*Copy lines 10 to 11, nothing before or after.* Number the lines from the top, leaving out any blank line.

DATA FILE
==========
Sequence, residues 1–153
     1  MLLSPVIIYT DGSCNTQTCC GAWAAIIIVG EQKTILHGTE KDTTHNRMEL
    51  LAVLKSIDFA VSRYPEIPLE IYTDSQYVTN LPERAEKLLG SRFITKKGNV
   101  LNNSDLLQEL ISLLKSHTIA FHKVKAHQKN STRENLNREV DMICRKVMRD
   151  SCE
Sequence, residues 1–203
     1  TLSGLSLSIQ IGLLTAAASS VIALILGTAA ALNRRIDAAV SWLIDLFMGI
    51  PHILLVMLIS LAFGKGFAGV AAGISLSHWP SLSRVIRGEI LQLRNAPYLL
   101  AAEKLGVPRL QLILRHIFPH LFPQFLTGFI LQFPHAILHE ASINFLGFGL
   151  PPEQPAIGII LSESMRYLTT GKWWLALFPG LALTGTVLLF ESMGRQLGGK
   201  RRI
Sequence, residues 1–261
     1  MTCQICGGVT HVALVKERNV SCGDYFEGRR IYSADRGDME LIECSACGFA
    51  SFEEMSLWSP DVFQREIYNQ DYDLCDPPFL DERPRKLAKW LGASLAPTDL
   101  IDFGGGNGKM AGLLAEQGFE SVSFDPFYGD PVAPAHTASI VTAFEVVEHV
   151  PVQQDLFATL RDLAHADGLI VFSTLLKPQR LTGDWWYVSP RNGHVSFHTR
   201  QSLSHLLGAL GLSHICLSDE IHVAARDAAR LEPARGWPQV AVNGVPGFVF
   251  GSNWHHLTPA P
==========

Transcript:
   151  PPEQPAIGII LSESMRYLTT GKWWLALFPG LALTGTVLLF ESMGRQLGGK
   201  RRI